ITU, Brazil (AP) — There's probably no future Neymar under the collapsing old hangar where the boys of Itu are playing street soccer.
But these kids are pretty good. Make that REALLY good. They flick and flutter, dart and dazzle. They're fast, ruthless and cheeky — and above all show the improvisation that allowed their heroes to turn football into the beautiful game (and perhaps their parents just to get by in life.)
Every Sunday, across this gigantic nation of rain forests and legendary beaches, groups of kids flock to makeshift pitches like this one to play impromptu tournaments where everyone's welcome. You just show up and wait your turn.
The rules are simple. A game is over after 10 minutes, or when one side scores two goals. The winner stays, the loser makes way for the next team. In case of a draw, the team that won the last match stays. If that's not the case for either, both teams leave the field.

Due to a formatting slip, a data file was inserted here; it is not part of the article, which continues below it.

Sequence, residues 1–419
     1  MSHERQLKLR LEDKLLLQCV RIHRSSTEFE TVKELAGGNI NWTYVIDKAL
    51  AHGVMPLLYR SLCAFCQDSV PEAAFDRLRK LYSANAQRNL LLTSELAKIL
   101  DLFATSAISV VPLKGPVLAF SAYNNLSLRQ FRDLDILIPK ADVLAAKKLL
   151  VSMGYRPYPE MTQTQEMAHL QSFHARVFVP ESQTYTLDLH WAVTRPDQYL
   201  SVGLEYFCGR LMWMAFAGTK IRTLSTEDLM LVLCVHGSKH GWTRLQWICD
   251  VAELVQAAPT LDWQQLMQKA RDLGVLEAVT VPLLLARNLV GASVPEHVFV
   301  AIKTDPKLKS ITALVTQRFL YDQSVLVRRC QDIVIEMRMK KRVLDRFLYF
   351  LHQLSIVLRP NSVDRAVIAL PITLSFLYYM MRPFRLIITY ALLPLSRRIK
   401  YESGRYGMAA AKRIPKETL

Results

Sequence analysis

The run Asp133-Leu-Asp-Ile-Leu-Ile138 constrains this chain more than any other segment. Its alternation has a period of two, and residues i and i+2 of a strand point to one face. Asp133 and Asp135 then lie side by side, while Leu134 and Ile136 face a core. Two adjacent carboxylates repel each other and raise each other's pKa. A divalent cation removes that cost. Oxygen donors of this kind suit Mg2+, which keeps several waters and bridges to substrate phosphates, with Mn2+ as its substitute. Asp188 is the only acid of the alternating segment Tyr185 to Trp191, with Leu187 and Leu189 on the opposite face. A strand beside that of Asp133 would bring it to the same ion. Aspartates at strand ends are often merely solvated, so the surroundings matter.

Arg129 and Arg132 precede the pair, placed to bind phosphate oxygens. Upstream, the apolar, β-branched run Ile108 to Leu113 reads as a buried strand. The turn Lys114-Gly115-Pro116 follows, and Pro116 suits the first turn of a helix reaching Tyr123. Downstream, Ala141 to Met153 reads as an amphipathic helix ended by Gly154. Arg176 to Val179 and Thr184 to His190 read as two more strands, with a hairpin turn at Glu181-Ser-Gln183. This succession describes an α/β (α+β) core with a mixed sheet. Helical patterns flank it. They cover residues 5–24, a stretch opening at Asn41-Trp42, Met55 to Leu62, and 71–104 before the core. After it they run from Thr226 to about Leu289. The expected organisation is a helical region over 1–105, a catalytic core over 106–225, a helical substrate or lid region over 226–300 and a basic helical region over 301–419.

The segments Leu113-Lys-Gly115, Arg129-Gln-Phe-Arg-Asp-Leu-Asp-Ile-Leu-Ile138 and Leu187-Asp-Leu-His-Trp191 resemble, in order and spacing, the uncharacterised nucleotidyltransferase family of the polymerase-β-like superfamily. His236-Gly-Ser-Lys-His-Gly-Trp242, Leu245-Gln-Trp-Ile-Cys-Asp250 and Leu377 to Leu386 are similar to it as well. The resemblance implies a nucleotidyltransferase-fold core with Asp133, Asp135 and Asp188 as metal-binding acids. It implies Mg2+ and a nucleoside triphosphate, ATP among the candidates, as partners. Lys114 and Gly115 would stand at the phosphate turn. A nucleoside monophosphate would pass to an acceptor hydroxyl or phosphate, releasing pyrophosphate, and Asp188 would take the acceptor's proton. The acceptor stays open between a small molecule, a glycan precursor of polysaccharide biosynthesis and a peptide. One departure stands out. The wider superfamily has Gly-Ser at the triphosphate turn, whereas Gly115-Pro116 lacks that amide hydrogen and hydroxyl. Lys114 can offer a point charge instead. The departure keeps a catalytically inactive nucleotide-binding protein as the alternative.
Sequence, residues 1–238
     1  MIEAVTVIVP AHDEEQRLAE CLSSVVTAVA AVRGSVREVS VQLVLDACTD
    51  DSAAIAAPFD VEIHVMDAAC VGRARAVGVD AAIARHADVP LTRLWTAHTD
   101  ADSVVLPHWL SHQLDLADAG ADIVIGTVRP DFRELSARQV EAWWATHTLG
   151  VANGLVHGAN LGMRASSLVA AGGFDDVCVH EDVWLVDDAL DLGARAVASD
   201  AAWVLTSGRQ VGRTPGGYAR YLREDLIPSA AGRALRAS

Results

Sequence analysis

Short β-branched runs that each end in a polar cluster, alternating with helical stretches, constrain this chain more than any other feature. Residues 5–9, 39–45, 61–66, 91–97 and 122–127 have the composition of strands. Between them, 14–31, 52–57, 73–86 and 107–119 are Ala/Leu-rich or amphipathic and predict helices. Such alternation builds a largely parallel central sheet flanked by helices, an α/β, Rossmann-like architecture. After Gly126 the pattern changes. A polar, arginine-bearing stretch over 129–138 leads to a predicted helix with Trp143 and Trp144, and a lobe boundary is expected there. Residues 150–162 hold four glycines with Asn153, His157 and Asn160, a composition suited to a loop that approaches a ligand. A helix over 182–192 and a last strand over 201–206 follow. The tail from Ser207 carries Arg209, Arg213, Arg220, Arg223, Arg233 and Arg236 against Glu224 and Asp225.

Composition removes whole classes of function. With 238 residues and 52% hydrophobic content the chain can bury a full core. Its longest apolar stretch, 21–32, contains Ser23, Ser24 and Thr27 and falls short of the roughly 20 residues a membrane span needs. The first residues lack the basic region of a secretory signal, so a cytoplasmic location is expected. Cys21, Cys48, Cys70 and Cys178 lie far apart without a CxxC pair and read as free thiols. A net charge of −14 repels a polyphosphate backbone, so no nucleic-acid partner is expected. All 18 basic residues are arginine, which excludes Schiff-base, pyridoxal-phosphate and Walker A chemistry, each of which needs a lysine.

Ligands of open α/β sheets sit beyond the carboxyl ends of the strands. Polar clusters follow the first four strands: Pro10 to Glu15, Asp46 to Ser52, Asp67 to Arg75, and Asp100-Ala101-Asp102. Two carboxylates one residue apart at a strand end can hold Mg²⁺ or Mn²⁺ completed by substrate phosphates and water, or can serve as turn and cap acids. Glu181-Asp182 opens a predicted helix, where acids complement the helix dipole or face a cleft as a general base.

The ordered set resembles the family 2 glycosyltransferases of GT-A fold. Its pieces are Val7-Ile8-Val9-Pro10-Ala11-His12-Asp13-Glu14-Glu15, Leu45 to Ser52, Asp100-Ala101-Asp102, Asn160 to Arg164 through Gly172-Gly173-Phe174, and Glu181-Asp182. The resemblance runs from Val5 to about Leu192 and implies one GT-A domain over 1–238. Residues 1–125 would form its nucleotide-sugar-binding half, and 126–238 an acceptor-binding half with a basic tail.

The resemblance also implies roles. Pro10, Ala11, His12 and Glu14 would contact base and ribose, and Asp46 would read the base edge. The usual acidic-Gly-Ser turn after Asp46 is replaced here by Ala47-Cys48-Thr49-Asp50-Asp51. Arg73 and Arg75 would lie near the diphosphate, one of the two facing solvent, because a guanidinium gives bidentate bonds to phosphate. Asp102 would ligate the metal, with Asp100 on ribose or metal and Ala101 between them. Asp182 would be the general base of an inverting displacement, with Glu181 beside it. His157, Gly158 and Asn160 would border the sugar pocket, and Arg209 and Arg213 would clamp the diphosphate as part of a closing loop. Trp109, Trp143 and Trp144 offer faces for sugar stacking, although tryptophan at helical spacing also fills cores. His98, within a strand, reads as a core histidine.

Basically, you keep going till you lose. The skill and passion even these amateurs show give a sense of why Brazil is still the world's greatest footballing nation. But the boys playing their hearts out here are nervous about Brazil's chances of winning the World Cup.
"I'm not a believer," said Jose Hinaldo, a tubby, shirtless guy with rhinestone ear studs.
Associated Press writer Joji Sakurai contributed.